Sunday, 11 November 2012

NaNoWriMo progress (of sorts!)


Bad news: I’ve only managed an average of 701 words per day so far (I should be aiming for 1,666).

Good news: I think there might actually be the beginnings of a novel in here!

In accordance with the rules of NaNo, I began writing on November 1st with no plot, no title, no list of characters, and not even a particular genre in mind. Some kind of mystery perhaps? With a bit of romance? And some humour? Plus hints of the supernatural?

My starting point – eventually – was a vague idea about how two very different characters might meet each other for the first time. So I spent the first couple of days letting them introduce themselves to each other (and to me). Then I had a look around the place where they live, dropped in a ‘strange happening’, introduced another couple of characters, and worked out what they all think/ feel about each other – and why.

Now I’ve got to the stage where they all have problems to solve and I’ve lined up several more characters in the wings who will either help or hinder them. Best of all, I now know what the theme of the novel is and, very roughly, what needs to happen at the end. How I’m going to get to that end is something I have yet to discover.

Back in the real world …

At the same time, I’m also trying to follow the Guardian’s How To Write a Book in 30 Days series and that’s not going so well. Day 1 was supposed to be spent doing character sketches: detailed descriptions of each character including their histories, likes, dislikes, strengths, weaknesses etc. This seems a perfectly sensible idea for conventional novel-writing but in my NaNo novel I still have a lot of unanswered questions about my characters. For example, I haven’t even decided on all their names yet! But I have started a worksheet for each character and, as instructed, other worksheets for various settings and story threads, although they mostly consist of blank spaces and lots of question marks!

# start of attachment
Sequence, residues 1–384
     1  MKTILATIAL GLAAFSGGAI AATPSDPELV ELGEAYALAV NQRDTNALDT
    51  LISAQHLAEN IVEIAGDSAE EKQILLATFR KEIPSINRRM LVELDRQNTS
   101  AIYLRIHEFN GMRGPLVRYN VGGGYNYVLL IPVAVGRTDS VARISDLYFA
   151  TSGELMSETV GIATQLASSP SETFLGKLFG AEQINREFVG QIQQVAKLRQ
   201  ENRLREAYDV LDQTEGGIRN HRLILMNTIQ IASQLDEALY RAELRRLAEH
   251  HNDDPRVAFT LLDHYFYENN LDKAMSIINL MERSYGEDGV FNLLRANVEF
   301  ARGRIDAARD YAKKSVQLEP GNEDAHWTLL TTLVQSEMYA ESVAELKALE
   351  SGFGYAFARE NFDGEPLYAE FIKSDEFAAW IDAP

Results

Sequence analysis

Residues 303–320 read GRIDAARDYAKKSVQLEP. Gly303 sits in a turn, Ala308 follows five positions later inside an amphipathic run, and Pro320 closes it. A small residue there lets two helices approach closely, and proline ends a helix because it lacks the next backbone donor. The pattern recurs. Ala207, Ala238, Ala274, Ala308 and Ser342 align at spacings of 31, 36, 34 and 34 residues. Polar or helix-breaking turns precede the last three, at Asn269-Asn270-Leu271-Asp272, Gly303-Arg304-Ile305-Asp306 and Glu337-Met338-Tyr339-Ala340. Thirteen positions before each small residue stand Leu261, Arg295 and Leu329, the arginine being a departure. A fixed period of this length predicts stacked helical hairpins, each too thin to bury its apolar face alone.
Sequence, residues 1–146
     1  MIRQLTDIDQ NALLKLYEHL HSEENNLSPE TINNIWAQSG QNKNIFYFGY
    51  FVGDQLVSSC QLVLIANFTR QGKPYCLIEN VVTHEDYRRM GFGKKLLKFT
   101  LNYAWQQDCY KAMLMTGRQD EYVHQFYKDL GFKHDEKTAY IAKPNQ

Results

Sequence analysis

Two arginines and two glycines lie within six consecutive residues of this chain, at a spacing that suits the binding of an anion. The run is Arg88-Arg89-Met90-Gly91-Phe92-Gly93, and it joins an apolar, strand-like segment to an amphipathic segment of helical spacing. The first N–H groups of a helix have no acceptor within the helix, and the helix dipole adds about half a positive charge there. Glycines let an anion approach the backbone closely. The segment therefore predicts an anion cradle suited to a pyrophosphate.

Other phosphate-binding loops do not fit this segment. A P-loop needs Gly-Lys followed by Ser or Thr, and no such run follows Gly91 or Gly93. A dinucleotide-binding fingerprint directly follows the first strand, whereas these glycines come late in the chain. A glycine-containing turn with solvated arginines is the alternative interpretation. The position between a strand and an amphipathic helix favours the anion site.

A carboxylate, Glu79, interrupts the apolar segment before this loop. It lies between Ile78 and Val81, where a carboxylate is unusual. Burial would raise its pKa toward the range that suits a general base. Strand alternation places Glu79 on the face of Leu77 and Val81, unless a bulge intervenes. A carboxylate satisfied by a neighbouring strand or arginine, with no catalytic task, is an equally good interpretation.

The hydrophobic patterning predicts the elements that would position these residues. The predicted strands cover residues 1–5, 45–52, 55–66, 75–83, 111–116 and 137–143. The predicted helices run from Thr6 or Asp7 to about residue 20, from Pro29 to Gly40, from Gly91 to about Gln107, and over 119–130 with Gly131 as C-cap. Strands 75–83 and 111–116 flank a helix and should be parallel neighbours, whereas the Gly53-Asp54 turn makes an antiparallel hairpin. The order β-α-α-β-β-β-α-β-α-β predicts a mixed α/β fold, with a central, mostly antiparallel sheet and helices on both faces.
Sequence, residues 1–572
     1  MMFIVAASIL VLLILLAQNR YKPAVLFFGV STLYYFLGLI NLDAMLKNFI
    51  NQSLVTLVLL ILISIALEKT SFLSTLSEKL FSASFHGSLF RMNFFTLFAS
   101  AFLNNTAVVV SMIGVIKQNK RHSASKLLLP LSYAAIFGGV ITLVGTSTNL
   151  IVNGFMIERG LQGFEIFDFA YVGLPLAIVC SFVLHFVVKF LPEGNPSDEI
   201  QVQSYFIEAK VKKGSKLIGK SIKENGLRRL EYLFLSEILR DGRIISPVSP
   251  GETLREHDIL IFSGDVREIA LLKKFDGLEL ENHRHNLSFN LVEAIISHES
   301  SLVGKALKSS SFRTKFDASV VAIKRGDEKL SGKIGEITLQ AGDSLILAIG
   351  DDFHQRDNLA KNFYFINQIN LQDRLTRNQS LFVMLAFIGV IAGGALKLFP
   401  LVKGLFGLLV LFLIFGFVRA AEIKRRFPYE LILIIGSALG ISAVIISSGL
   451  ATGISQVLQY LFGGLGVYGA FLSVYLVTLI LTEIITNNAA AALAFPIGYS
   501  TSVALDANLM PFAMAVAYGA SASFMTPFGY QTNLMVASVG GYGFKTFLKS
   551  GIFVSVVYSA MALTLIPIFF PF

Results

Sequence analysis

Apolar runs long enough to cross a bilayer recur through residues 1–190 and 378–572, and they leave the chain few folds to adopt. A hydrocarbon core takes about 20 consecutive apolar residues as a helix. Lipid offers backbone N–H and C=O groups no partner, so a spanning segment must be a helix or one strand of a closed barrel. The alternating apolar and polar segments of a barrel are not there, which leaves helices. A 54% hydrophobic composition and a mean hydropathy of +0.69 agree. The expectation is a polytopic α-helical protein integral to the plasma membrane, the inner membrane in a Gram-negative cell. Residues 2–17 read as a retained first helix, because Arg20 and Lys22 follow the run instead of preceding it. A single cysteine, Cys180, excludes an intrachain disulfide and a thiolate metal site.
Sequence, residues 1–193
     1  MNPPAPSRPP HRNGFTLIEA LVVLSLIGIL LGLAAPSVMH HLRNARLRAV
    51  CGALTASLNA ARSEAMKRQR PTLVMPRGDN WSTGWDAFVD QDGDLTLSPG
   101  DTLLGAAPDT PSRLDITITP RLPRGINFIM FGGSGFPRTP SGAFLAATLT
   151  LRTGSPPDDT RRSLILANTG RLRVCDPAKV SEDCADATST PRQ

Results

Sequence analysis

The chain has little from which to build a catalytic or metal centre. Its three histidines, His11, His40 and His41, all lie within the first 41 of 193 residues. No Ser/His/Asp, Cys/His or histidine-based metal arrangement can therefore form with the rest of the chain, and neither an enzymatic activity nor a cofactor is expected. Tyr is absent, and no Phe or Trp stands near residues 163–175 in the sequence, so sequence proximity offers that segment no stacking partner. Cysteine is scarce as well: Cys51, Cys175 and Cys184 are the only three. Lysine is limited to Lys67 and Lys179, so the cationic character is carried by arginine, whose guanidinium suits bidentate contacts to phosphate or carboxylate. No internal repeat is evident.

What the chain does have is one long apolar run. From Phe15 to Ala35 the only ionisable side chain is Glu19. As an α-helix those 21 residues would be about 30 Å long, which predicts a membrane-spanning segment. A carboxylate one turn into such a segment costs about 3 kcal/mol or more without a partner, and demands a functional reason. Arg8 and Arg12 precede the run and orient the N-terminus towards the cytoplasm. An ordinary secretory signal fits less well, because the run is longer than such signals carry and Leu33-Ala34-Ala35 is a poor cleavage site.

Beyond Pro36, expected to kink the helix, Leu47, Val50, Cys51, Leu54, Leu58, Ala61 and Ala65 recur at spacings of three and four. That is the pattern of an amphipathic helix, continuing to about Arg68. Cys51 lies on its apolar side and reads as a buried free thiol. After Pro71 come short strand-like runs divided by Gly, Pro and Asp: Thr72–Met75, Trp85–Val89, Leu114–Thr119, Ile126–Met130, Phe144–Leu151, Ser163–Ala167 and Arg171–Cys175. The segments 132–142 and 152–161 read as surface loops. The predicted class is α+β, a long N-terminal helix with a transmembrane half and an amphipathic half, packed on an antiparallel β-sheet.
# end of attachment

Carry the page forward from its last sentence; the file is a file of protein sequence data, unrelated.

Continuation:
5 comments:

Friko said...

what becomes of the nanowrimo efforts? Do they get dumped or developed at some stage.

I’ve kept the Guardian’s supplement, not sure how much good that’s going to do me.

sallyjenkins said...

There's still time to catch up on those words, Linda - and at least you sort of know where you're going now. Good Luck!

Linda D said...

At the end of November I'll save all my NaNo writing and will then forget about it while I get back to my normal writing and life!
Later - much later - I'll read through it. I already know most of it will be rubbish, but I'm hoping I'll also find a few story threads, characters, a bit of descriptive writing etc. that I can recycle and use somewhere else. If I'm lucky, as has happened occasionally in previous years, I might come across something that makes me say, Wow! This is good. Did I really write that?
Last year, I used NaNo for brainstorming short story ideas rather than a novel and so far I've used material from that for 3 complete stories, and I'm sure I'll be picking bits out of it for more projects in the future.

The Guardian's series certainly takes you through all the things you need to consider when writing a novel, but NaNo is more fun!

Murr Brewster said...

For my first novel, I dropped in names as placeholders, thinking I'd change them later, but I never did. My first beta reader had many good observations, but the one that floored me was that fully 2/3 of my characters had names that started with H. What the Hell?

Linda D said...

I've fallen into that trap, Murr, having names that are too much alike. I once had a Pat and a Tricia in the same story. To me, they were 2 very different characters but then I realised that a reader might think it was one person with a split personality!

I find it quite easy to name my main characters because their names are part of their personality. It's the minor characters like 'young police constable' and 'Bill's cousin' who remain nameless until I get to know them a bit better.